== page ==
Safety systems could get boost – March 2009

Updated Jan 13, 2010

New regime could benefit suppliers, lobbyist says

Although stronger Democratic majorities in Congress and a Democrat in the White House could mean trouble for heavy-duty vehicle suppliers in areas like labor and energy, the new regime might be receptive to suppliers in some areas, says Ann Wilson, vice president of government affairs for the Motor & Equipment Manufacturers Association. Wilson told attendees of the Heavy Duty Dialogue in Orlando, Fla., that she expects strong support for onboard safety technologies and environmental initiatives that might create greater commercial opportunities for suppliers.

“The election may help advance our issues, but the concern is mandates versus incentives,” Wilson told attendees. MEMA and its heavy-duty unit, the Heavy Duty Manufacturers Association, favor tax breaks and other incentives for the installation of safety technologies.

Wilson said she anticipated legislation being reintroduced soon to grant such incentives for vehicle stability systems, lane-departure warning systems, collision warning systems, brake sensors and other systems that the U.S. Department of Transportation determines to be worthwhile. The big problem with a mandate rather than incentives is that a mandate could take years to implement, Wilson said. Still, USDOT might be headed that way if Congress approves legislation to mandate certain technologies on motor coaches as it may do. USDOT has told Congress that if that legislation passes, it probably would extend mandates to all motor carriers, Wilson said.

One regulatory issue that MEMA is following closely is the ongoing National Highway Traffic Safety Administration rulemaking on stopping distance for highway tractors. Wilson pointed out that a rule supposedly was close when she joined MEMA five years ago, but it’s still not done. The big concern now is that all the research done to support the rulemaking dates back a number of years. “If they don’t finish it soon, our statistics and data might become outdated.”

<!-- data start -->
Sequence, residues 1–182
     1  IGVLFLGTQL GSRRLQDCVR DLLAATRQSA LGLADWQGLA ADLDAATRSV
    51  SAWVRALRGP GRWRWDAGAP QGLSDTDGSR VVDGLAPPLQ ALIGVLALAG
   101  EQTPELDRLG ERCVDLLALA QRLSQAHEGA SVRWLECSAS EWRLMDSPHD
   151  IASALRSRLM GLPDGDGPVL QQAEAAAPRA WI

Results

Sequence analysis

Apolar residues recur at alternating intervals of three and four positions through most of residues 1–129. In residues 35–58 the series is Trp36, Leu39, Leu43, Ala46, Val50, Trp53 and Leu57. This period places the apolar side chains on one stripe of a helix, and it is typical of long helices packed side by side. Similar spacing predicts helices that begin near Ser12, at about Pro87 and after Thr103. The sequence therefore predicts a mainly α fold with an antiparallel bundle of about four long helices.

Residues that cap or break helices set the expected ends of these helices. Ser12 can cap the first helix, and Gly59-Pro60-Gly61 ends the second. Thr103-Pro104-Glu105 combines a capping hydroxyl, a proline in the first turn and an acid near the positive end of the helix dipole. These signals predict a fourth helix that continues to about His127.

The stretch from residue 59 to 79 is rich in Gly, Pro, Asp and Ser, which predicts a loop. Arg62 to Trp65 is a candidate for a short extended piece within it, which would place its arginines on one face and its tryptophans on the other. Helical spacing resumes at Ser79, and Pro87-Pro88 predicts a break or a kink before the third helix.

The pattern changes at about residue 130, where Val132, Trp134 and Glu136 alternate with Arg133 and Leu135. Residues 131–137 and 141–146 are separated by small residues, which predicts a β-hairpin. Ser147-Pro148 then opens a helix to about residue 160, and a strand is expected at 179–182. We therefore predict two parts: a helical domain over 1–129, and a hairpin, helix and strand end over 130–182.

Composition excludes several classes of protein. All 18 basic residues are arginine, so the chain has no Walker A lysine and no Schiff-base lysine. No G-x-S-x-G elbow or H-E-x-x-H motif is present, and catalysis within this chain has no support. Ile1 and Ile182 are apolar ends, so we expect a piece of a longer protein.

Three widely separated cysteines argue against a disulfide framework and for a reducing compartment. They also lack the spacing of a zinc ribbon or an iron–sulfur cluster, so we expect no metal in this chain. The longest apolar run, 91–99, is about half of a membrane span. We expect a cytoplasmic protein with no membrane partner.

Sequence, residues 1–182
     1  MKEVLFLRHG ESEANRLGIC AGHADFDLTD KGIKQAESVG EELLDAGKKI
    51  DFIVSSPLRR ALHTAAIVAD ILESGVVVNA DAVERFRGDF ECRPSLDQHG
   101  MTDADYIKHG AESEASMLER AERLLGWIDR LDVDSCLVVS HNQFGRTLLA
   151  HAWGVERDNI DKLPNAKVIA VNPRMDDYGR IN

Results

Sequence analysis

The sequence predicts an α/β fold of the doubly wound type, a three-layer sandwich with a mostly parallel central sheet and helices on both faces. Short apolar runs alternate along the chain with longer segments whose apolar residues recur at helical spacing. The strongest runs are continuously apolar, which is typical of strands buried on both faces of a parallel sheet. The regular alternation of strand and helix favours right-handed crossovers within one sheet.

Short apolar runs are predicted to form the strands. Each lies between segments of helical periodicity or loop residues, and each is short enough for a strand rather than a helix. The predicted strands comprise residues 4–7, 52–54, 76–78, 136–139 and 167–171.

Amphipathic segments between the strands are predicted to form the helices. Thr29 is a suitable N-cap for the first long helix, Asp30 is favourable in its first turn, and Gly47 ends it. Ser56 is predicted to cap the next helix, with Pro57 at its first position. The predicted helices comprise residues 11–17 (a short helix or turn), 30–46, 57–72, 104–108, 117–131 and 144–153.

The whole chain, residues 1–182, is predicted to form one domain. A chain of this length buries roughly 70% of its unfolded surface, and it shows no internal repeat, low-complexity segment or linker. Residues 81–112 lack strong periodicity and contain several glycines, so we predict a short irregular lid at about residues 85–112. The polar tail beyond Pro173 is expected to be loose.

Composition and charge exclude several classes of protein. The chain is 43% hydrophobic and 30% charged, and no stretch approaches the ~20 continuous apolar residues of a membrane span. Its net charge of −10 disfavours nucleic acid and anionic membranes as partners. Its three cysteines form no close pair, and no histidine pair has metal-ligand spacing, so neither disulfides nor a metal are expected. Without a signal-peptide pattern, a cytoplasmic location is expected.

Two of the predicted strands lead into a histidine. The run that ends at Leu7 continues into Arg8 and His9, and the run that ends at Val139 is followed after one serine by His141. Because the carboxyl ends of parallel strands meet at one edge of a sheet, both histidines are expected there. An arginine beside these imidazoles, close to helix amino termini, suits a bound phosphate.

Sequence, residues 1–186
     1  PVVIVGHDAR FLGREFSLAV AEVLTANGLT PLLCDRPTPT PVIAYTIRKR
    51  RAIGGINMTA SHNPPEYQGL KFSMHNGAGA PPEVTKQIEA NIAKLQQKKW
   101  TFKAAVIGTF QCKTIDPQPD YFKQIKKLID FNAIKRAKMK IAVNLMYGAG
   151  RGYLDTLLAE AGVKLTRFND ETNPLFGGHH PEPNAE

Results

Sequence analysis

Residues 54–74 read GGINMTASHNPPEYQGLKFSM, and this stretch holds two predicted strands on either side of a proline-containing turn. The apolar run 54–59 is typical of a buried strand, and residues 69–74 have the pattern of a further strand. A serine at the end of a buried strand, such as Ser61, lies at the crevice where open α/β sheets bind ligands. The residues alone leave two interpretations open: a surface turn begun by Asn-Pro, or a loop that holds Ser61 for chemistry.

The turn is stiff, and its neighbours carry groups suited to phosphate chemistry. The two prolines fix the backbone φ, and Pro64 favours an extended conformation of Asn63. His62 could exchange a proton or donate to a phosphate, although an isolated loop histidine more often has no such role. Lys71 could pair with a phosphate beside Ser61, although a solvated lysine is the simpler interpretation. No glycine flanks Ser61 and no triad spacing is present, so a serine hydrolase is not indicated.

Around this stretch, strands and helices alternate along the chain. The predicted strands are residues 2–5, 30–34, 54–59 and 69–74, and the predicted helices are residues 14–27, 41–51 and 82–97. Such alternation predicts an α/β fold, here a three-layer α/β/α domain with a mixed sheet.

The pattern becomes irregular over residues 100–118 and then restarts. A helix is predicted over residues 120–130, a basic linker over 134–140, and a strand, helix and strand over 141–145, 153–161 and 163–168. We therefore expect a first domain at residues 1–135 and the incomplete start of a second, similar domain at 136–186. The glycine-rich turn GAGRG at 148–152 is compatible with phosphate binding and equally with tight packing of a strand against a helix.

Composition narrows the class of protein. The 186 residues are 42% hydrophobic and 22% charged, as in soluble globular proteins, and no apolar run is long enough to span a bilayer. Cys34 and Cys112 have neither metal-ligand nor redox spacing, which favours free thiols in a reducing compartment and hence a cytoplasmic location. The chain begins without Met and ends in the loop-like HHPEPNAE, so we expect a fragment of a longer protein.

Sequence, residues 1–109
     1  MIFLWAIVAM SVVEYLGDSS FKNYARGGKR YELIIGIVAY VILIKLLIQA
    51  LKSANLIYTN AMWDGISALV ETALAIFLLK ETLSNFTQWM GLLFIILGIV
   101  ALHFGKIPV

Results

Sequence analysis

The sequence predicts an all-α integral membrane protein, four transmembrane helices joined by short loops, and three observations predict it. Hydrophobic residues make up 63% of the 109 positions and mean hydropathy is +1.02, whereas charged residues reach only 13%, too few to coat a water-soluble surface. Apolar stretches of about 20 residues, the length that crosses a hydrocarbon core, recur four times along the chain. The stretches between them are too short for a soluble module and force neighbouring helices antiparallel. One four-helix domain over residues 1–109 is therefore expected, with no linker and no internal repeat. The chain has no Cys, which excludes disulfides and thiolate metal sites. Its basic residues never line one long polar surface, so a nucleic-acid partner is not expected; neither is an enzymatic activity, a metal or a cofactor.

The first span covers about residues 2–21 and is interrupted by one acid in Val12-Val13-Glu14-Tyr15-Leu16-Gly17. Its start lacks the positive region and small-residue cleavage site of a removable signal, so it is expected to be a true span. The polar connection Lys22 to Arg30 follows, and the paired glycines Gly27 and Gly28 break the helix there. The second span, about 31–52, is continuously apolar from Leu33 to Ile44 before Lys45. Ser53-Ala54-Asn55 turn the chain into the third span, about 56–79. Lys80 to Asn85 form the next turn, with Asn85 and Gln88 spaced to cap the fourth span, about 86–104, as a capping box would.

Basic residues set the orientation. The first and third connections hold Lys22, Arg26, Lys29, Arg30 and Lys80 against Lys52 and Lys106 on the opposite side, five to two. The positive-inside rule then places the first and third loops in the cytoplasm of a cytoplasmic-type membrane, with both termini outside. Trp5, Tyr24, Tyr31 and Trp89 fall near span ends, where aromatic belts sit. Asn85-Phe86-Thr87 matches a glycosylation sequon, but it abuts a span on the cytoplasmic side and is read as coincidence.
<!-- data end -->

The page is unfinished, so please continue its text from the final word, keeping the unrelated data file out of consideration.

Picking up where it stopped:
But for some opportunities, the new regime brings some big threats, Wilson warned. A cap-and-trade system for carbon might not cover trucks, but it clearly would apply to suppliers’ manufacturing plants. And the so-called “card check” legislation is a big threat to any significant company that currently isn’t unionized, she said. She singled out HDMA-member companies with operations in Alaska, Alabama, Arkansas, Colorado, Indiana, Louisiana, Maine, North Carolina, Nebraska, Ohio and Pennsylvania that needed to contact their legislators to oppose the legislation, which would allow unions to organize without a secret ballot.
– Avery Vise

TCA names division winners of Fleet Safety Awards
The Truckload Carriers Association announced the 2008 division winners of its National Fleet Safety Awards, which recognize those companies that show a superior commitment to safety and accident reduction. The 18 companies were to be recognized at TCA’s annual convention March 10 in Orlando, as well as during TCA’s Safety & Security division annual meeting May 17-19 in Louisville, Ky.

The division winners now are eligible to compete for two grand prizes, one in the “under 25 million annual miles” category, and one in the “over 25 million annual miles” category. Below are the divisional winners based on low accident-frequency ratios per million miles:
· Division I winners (under 5 million miles): 1st Place, Rocha Transport, Modesto, Calif.; 2nd Place, Crown LSP Group Inc., Rocky Mount, N.C.; 3rd Place, Frerichs Freight Lines Inc., Belleville, Ill.